Marketing Insights From Search Funnels

As explained in my last article, search engines can tell you a lot about your customers. Specifically, I shared a few tools that enable marketers to identify buyer needs, emerging market trends, and competitive threats.

Today, I’ll cover another (free) tool that can help you understand your customers’ entire search process, and the best ways to capitalize on this data to improve marketing results.

Expand your keyword focus

One of the most common mistakes B2B search marketers make is researching only those keywords that are directly related to their company. A tremendous amount of time and energy goes into analyzing keywords associated with their brand, products and services.

Perhaps it is not intuitive to think beyond your own keywords. But, marketers should really be asking, “What else are my customers looking for, and how can I address their broader set of needs?”

Understanding the relationship between searches related to your company and all the other things your prospects look for – can provide some valuable marketing clues.

The search funnel

One of my favorite tools, the search funnel, is part of Microsoft AdCenter Labs. This type of tool shows what people searched for either immediately before (incoming) or after (outgoing) a specific query.

Here is what the Microsoft Search Funnel interface looks like:


Search funnel data

Let’s take a look at some search funnel data related to Verizon, a company regularly listed as one of the largest B2B advertisers.

By running a series of search funnel queries for outgoing searches, you can see that the most common search made immediate after a query for “verizon” is a search for “verizonwireless”. This makes sense. People start with the brand name, and then move to a search for the service.


Perhaps more insightful is the data for a search oerformed after “verizonwireless”. Amazingly, four out of five of the most popular next searches are for a competitive service. This type of data really verifies that prospects do indeed use search engines for product comparison purposes.

How can a marketer capitalize on this? Think about how to best meet peoples’ needs as they move through their search process. What about promoting a wireless service comparison chart in your PPC ads and on your landing page? This clearly seems to be what most Verizon wireless prospects are looking for. This type of marketing message anticipates prospects’ needs and will likely boost response and ultimately, conversion rate.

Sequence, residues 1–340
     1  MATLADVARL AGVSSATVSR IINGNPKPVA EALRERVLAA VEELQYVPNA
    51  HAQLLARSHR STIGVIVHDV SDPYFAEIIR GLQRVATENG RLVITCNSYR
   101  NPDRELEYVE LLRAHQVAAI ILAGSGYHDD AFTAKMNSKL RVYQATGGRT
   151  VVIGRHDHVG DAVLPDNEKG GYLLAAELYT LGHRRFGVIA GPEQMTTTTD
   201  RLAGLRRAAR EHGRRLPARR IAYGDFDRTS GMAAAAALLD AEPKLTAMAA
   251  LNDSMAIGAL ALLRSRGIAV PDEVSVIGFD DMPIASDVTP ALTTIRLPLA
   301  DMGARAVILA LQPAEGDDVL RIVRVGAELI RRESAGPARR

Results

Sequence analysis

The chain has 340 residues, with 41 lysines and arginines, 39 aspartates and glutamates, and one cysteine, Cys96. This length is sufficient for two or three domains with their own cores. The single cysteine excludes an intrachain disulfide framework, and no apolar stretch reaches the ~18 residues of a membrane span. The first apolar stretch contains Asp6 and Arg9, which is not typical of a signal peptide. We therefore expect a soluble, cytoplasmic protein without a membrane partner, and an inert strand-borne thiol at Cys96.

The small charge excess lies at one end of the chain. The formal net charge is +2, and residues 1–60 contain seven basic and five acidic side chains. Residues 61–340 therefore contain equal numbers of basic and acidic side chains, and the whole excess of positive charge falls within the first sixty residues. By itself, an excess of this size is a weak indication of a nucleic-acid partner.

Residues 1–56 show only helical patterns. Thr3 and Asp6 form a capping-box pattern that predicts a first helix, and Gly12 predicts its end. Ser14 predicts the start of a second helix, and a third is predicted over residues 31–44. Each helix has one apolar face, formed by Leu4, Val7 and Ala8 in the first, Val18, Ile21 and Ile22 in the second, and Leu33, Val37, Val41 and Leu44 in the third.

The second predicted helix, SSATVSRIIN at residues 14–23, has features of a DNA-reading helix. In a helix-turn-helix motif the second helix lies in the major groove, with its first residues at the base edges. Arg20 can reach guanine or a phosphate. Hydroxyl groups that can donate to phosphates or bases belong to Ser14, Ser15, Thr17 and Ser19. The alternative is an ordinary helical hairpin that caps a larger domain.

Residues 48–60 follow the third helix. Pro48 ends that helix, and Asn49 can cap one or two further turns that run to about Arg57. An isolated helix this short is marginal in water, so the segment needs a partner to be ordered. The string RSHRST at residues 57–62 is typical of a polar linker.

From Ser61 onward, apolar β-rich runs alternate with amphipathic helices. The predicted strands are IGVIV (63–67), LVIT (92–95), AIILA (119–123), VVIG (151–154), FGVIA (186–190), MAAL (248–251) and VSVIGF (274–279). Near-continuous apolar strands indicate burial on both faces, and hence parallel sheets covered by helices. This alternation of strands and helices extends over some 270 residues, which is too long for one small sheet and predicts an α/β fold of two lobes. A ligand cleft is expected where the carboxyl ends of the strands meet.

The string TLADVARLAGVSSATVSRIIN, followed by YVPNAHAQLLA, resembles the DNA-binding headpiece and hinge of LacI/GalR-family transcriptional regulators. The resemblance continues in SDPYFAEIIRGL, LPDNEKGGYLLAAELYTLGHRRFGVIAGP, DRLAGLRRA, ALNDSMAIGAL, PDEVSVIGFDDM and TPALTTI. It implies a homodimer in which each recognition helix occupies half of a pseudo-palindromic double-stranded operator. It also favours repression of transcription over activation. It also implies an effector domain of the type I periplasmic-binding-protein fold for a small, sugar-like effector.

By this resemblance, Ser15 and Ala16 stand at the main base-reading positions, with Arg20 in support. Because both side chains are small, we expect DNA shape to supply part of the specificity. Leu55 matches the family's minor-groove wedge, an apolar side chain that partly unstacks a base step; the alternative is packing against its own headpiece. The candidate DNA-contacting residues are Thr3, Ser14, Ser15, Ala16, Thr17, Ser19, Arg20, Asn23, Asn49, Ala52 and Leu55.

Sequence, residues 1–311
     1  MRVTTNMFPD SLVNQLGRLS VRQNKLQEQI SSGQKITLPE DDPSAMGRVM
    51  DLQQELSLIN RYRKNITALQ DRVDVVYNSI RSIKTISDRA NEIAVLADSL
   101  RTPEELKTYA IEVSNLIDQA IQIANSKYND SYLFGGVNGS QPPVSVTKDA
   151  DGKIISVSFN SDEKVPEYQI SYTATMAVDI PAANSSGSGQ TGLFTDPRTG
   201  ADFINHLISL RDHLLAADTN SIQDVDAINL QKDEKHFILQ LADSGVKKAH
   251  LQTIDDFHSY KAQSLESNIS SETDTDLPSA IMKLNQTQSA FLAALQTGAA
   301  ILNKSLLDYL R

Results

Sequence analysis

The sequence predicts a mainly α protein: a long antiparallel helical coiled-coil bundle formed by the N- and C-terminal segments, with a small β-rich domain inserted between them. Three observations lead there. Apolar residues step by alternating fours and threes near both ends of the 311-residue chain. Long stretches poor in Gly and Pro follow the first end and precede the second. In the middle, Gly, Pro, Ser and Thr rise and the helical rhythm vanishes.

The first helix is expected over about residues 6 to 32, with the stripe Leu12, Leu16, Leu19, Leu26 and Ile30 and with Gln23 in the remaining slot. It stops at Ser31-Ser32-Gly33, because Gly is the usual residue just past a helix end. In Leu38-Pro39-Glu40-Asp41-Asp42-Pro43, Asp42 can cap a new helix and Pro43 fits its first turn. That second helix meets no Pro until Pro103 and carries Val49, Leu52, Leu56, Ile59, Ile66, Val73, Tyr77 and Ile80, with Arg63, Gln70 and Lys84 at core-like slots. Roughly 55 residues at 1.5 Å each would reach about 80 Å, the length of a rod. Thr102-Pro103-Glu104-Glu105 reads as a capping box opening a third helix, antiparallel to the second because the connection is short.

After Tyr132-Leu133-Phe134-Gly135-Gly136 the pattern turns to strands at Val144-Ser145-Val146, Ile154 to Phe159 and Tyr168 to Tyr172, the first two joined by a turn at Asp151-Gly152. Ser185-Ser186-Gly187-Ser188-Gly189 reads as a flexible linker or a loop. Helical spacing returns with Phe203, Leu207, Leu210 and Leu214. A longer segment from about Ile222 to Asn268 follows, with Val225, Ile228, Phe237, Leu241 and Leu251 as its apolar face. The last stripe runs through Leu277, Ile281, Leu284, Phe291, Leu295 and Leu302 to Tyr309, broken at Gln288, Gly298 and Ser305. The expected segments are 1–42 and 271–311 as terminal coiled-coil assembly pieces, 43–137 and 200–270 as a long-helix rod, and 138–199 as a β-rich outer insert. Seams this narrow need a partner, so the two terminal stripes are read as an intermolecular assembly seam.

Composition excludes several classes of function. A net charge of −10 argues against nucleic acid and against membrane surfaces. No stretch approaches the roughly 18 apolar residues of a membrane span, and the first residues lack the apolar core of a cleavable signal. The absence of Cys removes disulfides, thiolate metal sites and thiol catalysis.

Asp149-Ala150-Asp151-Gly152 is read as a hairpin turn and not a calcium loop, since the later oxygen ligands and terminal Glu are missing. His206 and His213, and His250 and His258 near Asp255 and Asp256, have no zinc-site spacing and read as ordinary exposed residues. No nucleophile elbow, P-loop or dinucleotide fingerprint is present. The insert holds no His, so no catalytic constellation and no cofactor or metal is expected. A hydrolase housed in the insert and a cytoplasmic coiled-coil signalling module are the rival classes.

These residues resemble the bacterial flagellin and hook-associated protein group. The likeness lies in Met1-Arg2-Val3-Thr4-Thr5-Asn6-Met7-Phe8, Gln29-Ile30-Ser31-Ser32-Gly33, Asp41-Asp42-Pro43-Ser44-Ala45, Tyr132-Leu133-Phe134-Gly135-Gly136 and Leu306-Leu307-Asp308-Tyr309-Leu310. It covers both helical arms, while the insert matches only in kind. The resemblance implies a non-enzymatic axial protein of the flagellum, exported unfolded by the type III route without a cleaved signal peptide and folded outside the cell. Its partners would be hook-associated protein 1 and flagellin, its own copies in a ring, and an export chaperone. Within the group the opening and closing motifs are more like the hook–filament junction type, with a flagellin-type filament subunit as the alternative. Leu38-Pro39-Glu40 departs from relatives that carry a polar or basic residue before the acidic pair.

Another example

Let’s review some search funnel data for the popular small business accounting software, Quickbooks.


By looking at outgoing search data, you can see that people who search for “quickbooks” are also interested in these four things:

  1. Learning about the parent company (Intuit)
  2. Understanding the differences between various Intuit products (Quicken, QuickBooks, Quick Books Pro)
  3. Finding where to purchase the product (Staples, Office Depot, Office Max)
  4. Comparing Quickbooks to competitive software (Peachtree)

How could a marketer capitalize on this? My first thought is that the PPC ads and corresponding landing page for the keyword “quickbooks” should include items like: a table that allows people to quickly compare features and functions of various Intuit products, a competitive comparison chart, a retailer locator function, and a link to information on Intuit.

Capitalize on the search process

Searching is (usually) a process. This is especially true for B2B companies and firms with long, complex sales cycles.

Search funnel data can be used to anticipate needs, provide truly helpful information, and associate your brand with prospects’ needs as they move through the process.

Marketers must strive to learn more about how their customers search. In addition to keywords directly related to your company… what are your prospects looking for?

Opinions expressed in the article are those of the guest author and not necessarily Search Engine Land.

Related Topics: B2B Search Marketing Column | Channel: Search Marketing


About The Author: is president and founder of SmartSearch Marketing, a Boulder, Colorado-based search engine marketing agency. You can reach Patricia at The Strictly Business column appears Wednesdays at Search Engine Land.

Connect with the author via: Email | LinkedIn


Get all the top search stories emailed daily!  


Other ways to share:

Read before commenting! We welcome constructive comments and allow any that meet our common sense criteria. This means being respectful and polite to others. It means providing helpful information that contributes to a story or discussion. It means leaving links only that substantially add further to a discussion. Comments using foul language, being disrespectful to others or otherwise violating what we believe are common sense standards of discussion will be deleted. Comments may also be removed if they are posted from anonymous accounts. You can read more about our comments policy here.
  • Maggie@losasso

    Very Cool! This could be a very useful tool to get inside the thought processes of searchers


Get Our News, Everywhere!

Daily Email:

Follow Search Engine Land on Twitter @sengineland Like Search Engine Land on Facebook Follow Search Engine Land on Google+ Get the Search Engine Land Feed Connect with Search Engine Land on LinkedIn Check out our Tumblr! See us on Pinterest


Click to watch SMX conference video

Join us at one of our SMX or MarTech events:

United States


Australia & China

Learn more about: SMX | MarTech

Free Daily Search News Recap!

SearchCap is a once-per-day newsletter update - sign up below and get the news delivered to you!



Search Engine Land Periodic Table of SEO Success Factors

Get Your Copy
Read The Full SEO Guide